How to play wmv video files?
@halucigenia Seems I need to compile ffmpeg in order to add libfdk_aac. That's going to drag me right out of my comfort zone. I became suspicious when you provided me with a link on how to compile ffmpeg. Enough for tonight, maybe I'll feel braver tomorrow.
dtarrant it looks like you are trying to use ffmpeg native AAC vbr so the parameters should be -c:a aac -q:a 2
ffmpeg -i [input path/filename.WMV] -c:v libx264 -preset slow -tune film -crf 23 -c:a aac -q:a 2 [output path/filename.mp4]
That should work, it works for me but native AAC vbr is experimental in ffmpeg so may not give good quality audio.
Try cbr instead if the audio is not good enough:-
ffmpeg -i [input path/filename.WMV] -c:v libx264 -preset slow -tune film -crf 23 -c:a aac -b:a 160k [output path/filename.mp4]
You should not need to go to the extent of compiling ffmpeg yourself to get an acceptable result. I just meant that if you wanted to get the best out of ffmpeg you should compile.
Sorry for originally giving you parameters that would require ffmpeg to be compiled with libfdk_aac, that's just what I regularly use and I didn't think about the fact that you would not be able to use it without compiling it, my bad!
@halucigenia Many thanks for your latest input. I will certainly give it a try. In the meantime I found another recommendation with a Google search. I tried it and it appears to have worked fine (no audio/video sync problem). The command line I used was as follows:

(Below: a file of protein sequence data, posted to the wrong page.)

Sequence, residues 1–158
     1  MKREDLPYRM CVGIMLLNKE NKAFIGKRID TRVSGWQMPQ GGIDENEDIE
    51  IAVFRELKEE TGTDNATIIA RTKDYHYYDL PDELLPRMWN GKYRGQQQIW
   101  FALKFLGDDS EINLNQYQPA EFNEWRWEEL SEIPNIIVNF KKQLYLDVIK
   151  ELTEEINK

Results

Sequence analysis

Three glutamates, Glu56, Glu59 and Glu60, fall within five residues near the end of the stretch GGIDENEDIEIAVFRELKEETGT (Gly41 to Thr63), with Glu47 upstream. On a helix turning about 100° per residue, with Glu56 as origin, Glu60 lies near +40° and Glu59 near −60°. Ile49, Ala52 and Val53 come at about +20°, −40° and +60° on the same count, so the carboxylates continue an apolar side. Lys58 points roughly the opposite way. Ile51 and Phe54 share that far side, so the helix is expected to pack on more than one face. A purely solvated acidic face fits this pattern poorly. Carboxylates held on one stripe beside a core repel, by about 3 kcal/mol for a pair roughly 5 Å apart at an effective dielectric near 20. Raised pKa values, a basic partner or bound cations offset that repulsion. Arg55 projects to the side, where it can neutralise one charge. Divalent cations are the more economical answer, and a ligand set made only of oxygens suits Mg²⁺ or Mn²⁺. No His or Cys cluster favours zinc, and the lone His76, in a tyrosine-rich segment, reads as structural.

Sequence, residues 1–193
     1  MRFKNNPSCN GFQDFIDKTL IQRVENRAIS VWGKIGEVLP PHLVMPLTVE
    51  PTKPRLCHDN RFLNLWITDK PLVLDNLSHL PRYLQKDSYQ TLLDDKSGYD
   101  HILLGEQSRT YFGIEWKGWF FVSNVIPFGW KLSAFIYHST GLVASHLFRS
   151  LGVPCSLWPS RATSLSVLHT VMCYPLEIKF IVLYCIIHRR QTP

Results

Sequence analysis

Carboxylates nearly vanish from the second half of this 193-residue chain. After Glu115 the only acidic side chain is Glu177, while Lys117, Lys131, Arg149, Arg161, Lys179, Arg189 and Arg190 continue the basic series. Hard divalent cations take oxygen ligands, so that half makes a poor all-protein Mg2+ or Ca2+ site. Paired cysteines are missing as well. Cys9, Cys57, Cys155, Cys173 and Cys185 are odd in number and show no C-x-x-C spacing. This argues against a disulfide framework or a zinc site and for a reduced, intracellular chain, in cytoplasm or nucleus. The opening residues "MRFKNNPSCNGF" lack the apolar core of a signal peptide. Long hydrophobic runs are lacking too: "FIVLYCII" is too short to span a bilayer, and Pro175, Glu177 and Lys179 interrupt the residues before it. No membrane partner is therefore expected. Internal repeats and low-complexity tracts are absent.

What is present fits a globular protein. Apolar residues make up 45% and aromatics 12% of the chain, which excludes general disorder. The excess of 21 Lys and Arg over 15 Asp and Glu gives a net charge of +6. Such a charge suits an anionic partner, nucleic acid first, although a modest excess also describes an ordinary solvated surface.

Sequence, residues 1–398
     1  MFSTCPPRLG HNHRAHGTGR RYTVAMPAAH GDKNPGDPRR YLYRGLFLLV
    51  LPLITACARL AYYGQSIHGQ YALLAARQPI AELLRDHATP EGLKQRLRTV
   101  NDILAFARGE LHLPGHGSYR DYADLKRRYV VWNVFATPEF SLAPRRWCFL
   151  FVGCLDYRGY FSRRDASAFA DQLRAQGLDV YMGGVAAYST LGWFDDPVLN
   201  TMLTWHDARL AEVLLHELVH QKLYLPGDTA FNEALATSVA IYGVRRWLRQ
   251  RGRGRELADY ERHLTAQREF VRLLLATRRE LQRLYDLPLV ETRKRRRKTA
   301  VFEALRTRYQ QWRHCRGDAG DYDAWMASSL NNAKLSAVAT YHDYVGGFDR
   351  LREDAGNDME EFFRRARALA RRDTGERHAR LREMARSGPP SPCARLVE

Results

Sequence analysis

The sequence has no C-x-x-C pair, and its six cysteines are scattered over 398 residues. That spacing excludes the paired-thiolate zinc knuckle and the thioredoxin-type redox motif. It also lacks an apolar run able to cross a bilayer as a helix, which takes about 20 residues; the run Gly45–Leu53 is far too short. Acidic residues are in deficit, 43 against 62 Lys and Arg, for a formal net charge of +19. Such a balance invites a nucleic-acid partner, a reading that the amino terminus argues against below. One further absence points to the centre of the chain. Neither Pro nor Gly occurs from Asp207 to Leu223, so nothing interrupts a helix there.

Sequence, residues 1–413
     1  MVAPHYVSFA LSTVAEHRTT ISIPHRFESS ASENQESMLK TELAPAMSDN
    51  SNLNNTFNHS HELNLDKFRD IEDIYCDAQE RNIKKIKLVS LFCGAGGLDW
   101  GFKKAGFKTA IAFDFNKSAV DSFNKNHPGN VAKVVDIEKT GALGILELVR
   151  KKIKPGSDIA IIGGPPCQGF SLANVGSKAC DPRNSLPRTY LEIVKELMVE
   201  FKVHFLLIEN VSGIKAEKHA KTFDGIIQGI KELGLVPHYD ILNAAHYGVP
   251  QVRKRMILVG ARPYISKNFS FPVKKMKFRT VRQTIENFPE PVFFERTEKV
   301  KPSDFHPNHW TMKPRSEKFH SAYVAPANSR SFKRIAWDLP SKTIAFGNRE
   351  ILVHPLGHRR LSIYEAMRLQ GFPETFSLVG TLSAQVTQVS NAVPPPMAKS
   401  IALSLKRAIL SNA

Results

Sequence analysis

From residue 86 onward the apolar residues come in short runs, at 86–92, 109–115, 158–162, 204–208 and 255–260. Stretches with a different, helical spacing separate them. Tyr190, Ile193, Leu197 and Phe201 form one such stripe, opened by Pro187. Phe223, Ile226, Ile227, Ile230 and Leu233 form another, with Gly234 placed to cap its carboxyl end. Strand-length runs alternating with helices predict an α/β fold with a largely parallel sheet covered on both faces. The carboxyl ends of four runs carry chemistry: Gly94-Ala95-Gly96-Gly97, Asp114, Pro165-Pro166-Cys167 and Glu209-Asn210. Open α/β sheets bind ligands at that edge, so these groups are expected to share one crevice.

ffmpeg -i input.wmf -c:v libx264 -crf 23 -c:a -strict -2 -q:a 100 output.mp4
This was from Jeremy Tammik. I've little understanding of what it all means, but I can play the resulting mp4 on my laptop with both videos and VLC. Now I need to try it on my tablet.
@halucigenia Good news, the mp4 file mentioned in my previous post plays nicely on my tablet. I'll try your command line tonight and let you know how I get on. Once again, many thanks for all your support.
@halucigenia I just tried your command line and got a message to warn aac is experimental. It advised adding "-strict -2". After adding that tweak, the conversion is ticking away nicely. I'll keep you posted.
Another tip, while testing you might want to only transcode a portion of the source file to stop it ticking away nicely for too long before you can test it out.
You can use
-ss starttime in HH:MM:SS.xxx
-t endtime in HH:MM:SS.xxx
@dtarrant Just seen your remark about using handbrake for transcoding in the other thread.
Did you know that hanbrake has a command line too - you could use that instead of ffmpeg.
I am sure that if you prefer the handbrake GUI you could batch up a number of transcodes using the same parameters quite easily too.
@halucigenia Well I'm pleased to report that your command line produced an mp4 file that plays fine on my laptop. Many thanks for all your help.
@dtarrant I am pleased for you. Do you need help with a script to process all the files one after the other?
@halucigenia Great tip. That could save a lot of time.
@halucigenia Thanks for the offer. Could well be. Not ready yet though. I've only downloaded 3 of the 39 wmv files so far.
@dtarrant Just let me know, I am still working on a script that could come in handy for me if I ever need to batch convert several files after figuring out why I can't play my mkv files in UT video player.